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dc.contributor.authorGoodwin, Jacob D.  Concept link
dc.contributor.authorMunroe, Daphne M.  Concept link
dc.contributor.authorDefne, Zafer  Concept link
dc.contributor.authorGanju, Neil K.  Concept link
dc.contributor.authorVasslides, James  Concept link
dc.date.accessioned2019-08-29T20:32:48Z
dc.date.available2019-08-29T20:32:48Z
dc.date.issued2019-06-01
dc.identifier.citationGoodwin, J. D., Munroe, D. M., Defne, Z., Ganju, N. K., & Vasslides, J. (2019). Estimating connectivity of hard clam (Mercenaria mercenaria) and eastern oyster (Crassostrea virginica) larvae in Barnegat Bay. Journal of Marine Science and Engineering, 7(6), 167.en_US
dc.identifier.urihttps://hdl.handle.net/1912/24489
dc.description© The Author(s), 2019. This article is distributed under the terms of the Creative Commons Attribution License. The definitive version was published in Goodwin, J. D., Munroe, D. M., Defne, Z., Ganju, N. K., & Vasslides, J. Estimating connectivity of hard clam (Mercenaria mercenaria) and eastern oyster (Crassostrea virginica) larvae in Barnegat Bay. Journal of Marine Science and Engineering, 7(6), (2019): 167, doi:10.3390/jmse7060167.en_US
dc.description.abstractMany marine organisms have a well-known adult sessile stage. Unfortunately, our lack of knowledge regarding their larval transient stage hinders our understanding of their basic ecology and connectivity. Larvae can have swimming behavior that influences their transport within the marine environment. Understanding the larval stage provides insight into population connectivity that can help strategically identify areas for restoration. Current techniques for understanding the larval stage include modeling that combines particle attributes (e.g., larval behavior) with physical processes of water movement to contribute to our understanding of connectivity trends. This study builds on those methods by using a previously developed retention clock matrix (RCM) to illustrate time dependent connectivity of two species of shellfish between areas and over a range of larval durations. The RCM was previously used on physical parameters but we expand the concept by applying it to biology. A new metric, difference RCM (DRCM), is introduced to quantify changes in connectivity under different scenarios. Broad spatial trends were similar for all behavior types with a general south to north progression of particles. The DRCMs illustrate differences between neutral particles and those with behavior in northern regions where stratification was higher, indicating that larval behavior influenced transport. Based on these findings, particle behavior led to small differences (north to south movement) in transport patterns in areas with higher salinity gradients (the northern part of the system) compared to neutral particles. Overall, the dominant direction for particle movement was from south to north, which at times was enhanced by winds from the south. Clam and oyster restoration in the southern portion of Barnegat Bay could serve as a larval supply for populations in the north. These model results show that coupled hydrodynamic and particle tracking models have implications for fisheries management and restoration activities.en_US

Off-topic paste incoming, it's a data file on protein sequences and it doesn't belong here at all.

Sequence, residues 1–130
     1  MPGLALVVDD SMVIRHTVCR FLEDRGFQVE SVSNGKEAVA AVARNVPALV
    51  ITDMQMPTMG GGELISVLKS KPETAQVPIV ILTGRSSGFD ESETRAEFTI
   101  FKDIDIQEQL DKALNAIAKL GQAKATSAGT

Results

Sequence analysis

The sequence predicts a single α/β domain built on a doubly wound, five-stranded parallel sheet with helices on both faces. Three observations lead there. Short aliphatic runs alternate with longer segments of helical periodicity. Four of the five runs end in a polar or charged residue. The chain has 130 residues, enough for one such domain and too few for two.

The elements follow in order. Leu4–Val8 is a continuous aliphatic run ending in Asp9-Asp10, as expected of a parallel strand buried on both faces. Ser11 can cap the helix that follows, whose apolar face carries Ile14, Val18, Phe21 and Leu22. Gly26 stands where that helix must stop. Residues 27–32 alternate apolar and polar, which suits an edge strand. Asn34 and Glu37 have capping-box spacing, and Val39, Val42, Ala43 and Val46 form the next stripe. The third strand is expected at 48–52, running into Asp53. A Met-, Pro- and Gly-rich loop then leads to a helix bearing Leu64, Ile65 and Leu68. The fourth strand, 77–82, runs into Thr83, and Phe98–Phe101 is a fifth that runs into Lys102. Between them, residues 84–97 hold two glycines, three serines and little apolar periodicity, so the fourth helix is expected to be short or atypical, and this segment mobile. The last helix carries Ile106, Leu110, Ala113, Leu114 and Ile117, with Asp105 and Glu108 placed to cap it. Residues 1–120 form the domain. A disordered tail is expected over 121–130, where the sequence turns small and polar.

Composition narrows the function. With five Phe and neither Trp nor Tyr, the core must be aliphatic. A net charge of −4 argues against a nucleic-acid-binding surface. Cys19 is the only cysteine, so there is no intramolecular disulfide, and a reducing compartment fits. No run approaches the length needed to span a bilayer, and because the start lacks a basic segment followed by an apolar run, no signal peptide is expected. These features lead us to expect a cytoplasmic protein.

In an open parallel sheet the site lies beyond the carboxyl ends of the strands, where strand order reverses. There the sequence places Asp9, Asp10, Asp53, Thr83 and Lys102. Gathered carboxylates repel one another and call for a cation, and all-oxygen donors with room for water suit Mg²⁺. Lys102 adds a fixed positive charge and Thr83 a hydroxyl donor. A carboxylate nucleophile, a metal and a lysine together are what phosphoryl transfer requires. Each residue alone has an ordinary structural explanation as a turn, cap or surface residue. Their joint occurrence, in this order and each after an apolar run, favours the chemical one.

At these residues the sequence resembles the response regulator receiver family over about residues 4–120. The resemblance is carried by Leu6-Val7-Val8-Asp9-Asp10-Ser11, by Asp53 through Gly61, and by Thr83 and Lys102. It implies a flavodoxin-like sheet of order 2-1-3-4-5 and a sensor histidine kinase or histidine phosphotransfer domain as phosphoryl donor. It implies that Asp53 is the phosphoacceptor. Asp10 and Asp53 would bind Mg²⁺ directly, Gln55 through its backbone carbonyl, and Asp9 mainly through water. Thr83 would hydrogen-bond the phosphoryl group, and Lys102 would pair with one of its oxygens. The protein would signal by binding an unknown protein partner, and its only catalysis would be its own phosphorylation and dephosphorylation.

dc.description.sponsorshipThis work is supported by the Barnegat Bay Partnership EPA grants CE98212311, CE98212312. We extend our deep thanks to anonymous reviewers and Lisa Lucas who provided thoughtful input that improved the manuscript. We thank Matthew Kozak and Ian Mitchell for technical advice and Elizabeth North for LTRANS guidance. Joe Caracapa and Jennifer Gius provided help running remote simulations. COAST model source code is available at https://code.usgs.gov/coawstmodel/COAWST [50]. The hydrodynamic model outoput is available at: http://geoport.whoi.edu/thredds/catalog/clay/usgs/users/zdefne/GRL/catalog.html [21] and particle tracking model outputs are available from the corresponding author upon request.en_US
dc.publisherMDPIen_US
dc.relation.urihttps://doi.org/10.3390/jmse7060167
dc.rightsAttribution 4.0 International*
dc.rights.urihttp://creativecommons.org/licenses/by/4.0/*
dc.subjectbivalve connectivityen_US
dc.subjectlarval transporten_US
dc.subjectmodelingen_US
dc.subjectretention clocken_US
dc.subjectRCMen_US
dc.subjectROMSen_US
dc.subjectLTRANSen_US
dc.subjectBarnegat Bayen_US
dc.subjecthard clamen_US
dc.subjecteastern oysteren_US
dc.titleEstimating connectivity of hard clam (Mercenaria mercenaria) and eastern oyster (Crassostrea virginica) larvae in Barnegat Bayen_US
dc.typeArticleen_US
dc.identifier.doi10.3390/jmse7060167


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Attribution 4.0 International
Except where otherwise noted, this item's license is described as Attribution 4.0 International